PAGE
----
A federal judge on Friday agreed to halt the implementation of his ruling last week that struck down a California law prohibiting large-capacity firearms magazines while the state prepares to appeal his original decision.
U.S. District Court Judge Roger Benitez issued the stay at the request of California Attorney General Xavier Becerra, whose office will challenge Benitez's March 29 ruling in the 9th Circuit Court of Appeal, the Sacramento Bee reported.
That means California gun owners are still not allowed to buy magazines that hold more than 10 rounds of ammunition while the case goes through the judicial process.
“The court understands that strong emotions are felt by people of good will on both sides of the constitutional and social policy questions,” Benitez wrote in his reverse order. “The court understands that thoughtful and law-abiding citizens can and do firmly hold competing opinions on firearm magazine restrictions. These concerns auger in favor of judicial deliberation. There is an immeasurable societal benefit of maintaining the immediate status quo while the process of judicial review takes place.”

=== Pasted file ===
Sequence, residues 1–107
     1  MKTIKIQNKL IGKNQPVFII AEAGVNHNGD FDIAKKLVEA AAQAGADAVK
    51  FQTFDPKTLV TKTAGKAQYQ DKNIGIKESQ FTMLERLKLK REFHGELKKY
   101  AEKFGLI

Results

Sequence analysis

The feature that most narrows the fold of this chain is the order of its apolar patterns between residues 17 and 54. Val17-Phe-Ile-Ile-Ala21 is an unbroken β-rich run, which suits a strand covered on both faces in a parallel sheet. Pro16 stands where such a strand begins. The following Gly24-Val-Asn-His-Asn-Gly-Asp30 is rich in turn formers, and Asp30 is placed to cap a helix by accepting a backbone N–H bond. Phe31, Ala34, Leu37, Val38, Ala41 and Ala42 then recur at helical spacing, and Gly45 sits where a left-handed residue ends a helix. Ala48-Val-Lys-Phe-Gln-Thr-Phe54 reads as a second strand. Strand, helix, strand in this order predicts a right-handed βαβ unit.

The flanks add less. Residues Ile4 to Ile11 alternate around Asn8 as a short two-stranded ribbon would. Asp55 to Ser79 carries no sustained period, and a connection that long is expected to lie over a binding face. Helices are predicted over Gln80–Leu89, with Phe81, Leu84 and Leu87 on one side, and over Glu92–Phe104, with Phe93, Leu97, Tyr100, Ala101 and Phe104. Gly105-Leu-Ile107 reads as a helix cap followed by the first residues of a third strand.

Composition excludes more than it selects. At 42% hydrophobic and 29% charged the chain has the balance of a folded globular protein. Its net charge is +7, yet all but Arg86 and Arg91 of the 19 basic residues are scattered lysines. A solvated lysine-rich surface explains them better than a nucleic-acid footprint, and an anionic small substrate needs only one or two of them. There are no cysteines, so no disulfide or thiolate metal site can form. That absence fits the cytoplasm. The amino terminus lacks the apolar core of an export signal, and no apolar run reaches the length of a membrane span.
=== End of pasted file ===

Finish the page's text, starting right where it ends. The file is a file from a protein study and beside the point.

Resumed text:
In striking down the magazine ban, Benitez cited a home invasion where a woman used the extra rounds to kill an attacker and two other cases where women ran of bullets. He said the ban violated Californians’ Second Amendment rights to own firearms.
The law has made it illegal to buy or sell such magazines since 2000, but those who had them before were grandfathered in.
The ruling led to an advertising blitz by some gun manufacturers. Gun maker Berretta promoted an online discount in connection to the ruling, the Bee reported.
Becerra said lifting the ban would lead to a surge in large-capacity gun magazines into the state.
“It’s clear that there are those who are now trying to flood the state of California with what were until this decision, illegal high-capacity magazines, the type of magazines that are used in firearms to create the mass shootings that we’ve seen throughout this country,” Becerra said at a news conference.
The Associated Press contributed to this report.